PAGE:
The morality of everyday activities: not the right, but the good thing to do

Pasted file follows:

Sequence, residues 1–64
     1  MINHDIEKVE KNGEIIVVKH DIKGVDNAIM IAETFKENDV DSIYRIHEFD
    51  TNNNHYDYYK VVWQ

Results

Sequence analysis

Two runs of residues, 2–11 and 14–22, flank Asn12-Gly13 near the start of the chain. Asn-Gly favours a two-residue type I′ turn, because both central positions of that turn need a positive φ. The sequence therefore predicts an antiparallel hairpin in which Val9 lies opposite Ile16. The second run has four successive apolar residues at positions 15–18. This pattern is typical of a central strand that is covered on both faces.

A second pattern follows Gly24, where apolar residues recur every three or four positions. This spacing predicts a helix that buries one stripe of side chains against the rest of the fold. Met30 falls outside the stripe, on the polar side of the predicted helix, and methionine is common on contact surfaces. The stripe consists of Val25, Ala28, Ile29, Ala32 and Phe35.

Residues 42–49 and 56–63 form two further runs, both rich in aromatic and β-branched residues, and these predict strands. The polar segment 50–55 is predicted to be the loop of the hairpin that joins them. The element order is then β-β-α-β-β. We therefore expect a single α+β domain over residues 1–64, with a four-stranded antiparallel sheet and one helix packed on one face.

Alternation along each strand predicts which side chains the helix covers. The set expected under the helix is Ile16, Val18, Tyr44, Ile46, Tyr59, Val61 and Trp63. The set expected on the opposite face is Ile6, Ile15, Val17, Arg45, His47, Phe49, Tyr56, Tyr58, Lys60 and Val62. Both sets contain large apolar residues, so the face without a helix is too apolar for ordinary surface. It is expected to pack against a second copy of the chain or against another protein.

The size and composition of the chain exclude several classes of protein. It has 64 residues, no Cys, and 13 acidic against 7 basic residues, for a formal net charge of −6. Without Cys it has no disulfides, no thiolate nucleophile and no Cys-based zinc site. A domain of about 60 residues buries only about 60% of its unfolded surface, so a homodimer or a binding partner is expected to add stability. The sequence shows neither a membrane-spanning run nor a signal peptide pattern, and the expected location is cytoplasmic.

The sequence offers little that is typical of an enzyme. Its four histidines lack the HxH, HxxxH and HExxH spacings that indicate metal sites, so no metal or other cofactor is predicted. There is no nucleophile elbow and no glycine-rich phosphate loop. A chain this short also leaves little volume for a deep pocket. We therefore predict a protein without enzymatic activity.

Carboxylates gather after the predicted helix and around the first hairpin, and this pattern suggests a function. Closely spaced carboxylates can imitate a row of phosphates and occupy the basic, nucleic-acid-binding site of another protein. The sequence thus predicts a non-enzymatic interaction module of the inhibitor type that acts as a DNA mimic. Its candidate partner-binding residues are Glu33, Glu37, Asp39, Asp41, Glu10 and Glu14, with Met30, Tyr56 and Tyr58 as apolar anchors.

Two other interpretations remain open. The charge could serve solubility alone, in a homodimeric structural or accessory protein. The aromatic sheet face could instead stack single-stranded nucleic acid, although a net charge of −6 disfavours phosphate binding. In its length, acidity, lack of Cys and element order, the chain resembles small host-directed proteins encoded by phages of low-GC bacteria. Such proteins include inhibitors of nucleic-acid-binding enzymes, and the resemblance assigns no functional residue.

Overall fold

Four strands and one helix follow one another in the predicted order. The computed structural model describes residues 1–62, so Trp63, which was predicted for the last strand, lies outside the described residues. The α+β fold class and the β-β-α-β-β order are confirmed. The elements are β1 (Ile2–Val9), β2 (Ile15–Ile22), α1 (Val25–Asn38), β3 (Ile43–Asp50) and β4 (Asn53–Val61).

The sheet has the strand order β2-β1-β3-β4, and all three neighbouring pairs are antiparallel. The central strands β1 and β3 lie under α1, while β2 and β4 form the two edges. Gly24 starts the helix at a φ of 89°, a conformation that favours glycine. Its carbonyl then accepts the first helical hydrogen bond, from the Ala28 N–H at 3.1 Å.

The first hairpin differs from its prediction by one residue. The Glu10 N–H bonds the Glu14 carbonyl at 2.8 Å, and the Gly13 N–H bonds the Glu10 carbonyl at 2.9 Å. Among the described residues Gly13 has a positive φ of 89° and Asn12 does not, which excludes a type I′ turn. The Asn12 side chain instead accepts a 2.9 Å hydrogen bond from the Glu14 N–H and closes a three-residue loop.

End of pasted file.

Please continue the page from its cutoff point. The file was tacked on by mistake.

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AbstractThis article attempts to understand and develop the morality of everyday activities in organizations. Aristotle’s concept of phronesis, practical wisdom, is utilized to describe the morality of the everyday work activities at two call centres of an Australian insurance company. The ethnographic data suggests that ethical judgements at the lower level of the organization are practical rather than theoretical; emergent rather than static; ambiguous rather than clear-cut; and particular rather than universal. Ethical codes are of limited value here and it is argued that by developing phronesis members of the organization can improve their capacity to deal with this ethical complexity.